The Center for Undergraduate Research and Scholarship’s (CURS) Summer Scholars Program kicked off Monday, May 18, and though other research universities offer undergraduate research opportunities in the summer, Program Coordinator Abigail Drescher said what GRU provides is special.
“One really great thing about the Summer Scholars Program that I try to highlight is the fact that it’s an interdisciplinary program,” Drescher said. “A lot of universities will have research programs that are strictly for the STEM departments, but the fact that this program is really geared at gathering projects from all departments is one of the really strong parts of it.”
The 13 research projects range from evaluating citizen perceptions of police in the post-Ferguson era to a study of the effects of repeated and subthreshold exposures to organophosphates on the brain’s structural integrity.
Faculty members submit proposals in the spring semester that go through a double blind review process. This year, evaluators received 32 applications, which were whittled down to the final 13. Then, faculty chose students to be a part of the projects.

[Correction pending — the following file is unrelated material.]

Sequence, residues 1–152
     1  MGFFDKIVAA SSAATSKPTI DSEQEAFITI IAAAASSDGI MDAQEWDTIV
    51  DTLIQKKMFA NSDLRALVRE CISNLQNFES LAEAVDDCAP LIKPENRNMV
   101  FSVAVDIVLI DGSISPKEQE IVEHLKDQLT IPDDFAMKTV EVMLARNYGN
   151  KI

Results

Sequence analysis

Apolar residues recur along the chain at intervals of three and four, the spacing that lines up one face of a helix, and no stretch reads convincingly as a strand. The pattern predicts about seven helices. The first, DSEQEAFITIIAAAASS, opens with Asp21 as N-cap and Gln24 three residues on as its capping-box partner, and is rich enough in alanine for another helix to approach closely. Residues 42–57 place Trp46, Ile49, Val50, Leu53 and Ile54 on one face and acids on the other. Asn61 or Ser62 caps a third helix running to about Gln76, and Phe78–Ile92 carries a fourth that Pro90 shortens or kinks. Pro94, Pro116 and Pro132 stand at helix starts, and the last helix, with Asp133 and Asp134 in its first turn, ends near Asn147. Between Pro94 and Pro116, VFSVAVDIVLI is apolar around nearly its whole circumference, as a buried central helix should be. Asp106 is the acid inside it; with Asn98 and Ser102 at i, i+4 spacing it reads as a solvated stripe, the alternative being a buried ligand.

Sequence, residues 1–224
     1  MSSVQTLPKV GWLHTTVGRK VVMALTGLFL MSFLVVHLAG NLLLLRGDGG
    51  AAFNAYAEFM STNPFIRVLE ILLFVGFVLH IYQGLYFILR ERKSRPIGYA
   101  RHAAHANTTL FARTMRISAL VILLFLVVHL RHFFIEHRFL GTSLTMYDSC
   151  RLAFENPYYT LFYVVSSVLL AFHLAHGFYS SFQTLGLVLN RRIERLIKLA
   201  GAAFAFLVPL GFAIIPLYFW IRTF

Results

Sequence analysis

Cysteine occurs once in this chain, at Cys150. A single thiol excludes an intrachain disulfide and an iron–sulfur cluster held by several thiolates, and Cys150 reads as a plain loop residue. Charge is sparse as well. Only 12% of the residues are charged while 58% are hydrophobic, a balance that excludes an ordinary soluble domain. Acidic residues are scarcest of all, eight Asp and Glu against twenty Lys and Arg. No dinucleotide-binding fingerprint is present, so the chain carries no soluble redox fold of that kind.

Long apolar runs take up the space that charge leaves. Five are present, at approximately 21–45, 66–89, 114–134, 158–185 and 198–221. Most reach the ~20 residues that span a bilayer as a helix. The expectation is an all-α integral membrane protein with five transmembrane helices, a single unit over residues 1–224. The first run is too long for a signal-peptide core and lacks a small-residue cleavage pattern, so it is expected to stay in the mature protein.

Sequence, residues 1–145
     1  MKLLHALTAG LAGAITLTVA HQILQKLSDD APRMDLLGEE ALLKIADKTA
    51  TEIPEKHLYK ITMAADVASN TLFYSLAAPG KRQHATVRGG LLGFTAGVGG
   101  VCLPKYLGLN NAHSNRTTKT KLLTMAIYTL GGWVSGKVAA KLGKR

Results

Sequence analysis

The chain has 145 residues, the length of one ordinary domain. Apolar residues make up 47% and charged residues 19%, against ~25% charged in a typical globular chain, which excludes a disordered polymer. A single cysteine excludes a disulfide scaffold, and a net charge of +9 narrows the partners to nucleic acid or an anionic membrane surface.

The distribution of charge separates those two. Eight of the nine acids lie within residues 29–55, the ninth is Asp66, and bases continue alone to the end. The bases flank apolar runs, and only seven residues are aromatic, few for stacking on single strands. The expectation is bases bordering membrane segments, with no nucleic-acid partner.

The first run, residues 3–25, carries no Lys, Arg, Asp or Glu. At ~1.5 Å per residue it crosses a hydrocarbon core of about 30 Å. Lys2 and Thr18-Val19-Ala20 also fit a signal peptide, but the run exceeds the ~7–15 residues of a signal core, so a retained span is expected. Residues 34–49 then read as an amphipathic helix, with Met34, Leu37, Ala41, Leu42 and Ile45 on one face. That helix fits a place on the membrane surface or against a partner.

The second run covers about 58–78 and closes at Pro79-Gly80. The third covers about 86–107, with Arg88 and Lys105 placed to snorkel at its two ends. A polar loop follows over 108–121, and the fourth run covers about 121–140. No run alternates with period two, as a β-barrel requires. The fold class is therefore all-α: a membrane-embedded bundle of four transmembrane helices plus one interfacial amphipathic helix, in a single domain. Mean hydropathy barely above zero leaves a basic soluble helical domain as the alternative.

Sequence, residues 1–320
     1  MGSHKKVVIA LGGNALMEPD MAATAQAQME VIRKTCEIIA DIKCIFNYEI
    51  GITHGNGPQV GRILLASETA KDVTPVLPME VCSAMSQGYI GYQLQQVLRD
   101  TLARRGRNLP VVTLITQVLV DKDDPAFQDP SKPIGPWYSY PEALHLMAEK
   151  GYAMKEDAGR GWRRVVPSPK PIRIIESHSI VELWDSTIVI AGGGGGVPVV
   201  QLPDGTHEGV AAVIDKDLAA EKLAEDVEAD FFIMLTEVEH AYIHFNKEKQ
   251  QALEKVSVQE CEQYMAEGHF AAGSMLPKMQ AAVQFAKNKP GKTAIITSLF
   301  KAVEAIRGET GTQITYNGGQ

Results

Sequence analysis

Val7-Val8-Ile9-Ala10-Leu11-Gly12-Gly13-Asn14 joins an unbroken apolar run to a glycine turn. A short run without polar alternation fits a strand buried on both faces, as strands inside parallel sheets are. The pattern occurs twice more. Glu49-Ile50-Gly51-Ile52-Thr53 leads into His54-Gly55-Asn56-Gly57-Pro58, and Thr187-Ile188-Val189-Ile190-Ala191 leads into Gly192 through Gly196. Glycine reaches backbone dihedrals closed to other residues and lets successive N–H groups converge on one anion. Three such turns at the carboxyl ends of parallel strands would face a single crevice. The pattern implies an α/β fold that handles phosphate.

“A lot of them will come to me and I will encourage them and help them find research opportunities during the academic year that might lead to a summer project,” Drescher said. “Otherwise, it happens more organically – maybe they’re in a class with a faculty member that they connect with. It just depends on the situation.”
Beyond the actual research, where students work 20 hours per week at the faculty member’s discretion, students also come together once a week for student development sessions. These sessions enhance their academics by exposing them to presentations about a wide range of topics, including research ethics and the difference between a CV and a resume.
Students receive a stipend for the work, as do 10-month faculty members participating in the program.
According to Drescher, getting students into the lab or into the library looking at primary sources can influence students in important ways.
“From these summer projects, a lot will either continue the research in the fall and spring, or maybe side projects will come out of them that the student can work on more independently,” she said. “And they can go on to publish that work or present that work, which obviously looks really great when they’re applying to graduate schools.”
Besides being a gateway to other research opportunities, it also gives highly motivated undergraduates the chance to remain academically engaged during the summer.
The program, which is sponsored by the Office of the Provost, Dr. Carol Rychly, VP for Academic and Faculty Affairs, and Dr. Michael Diamond, Senior VP for Research, ends June 26, with a poster presentation on Monday, June 29 at the JSAC Ballroom.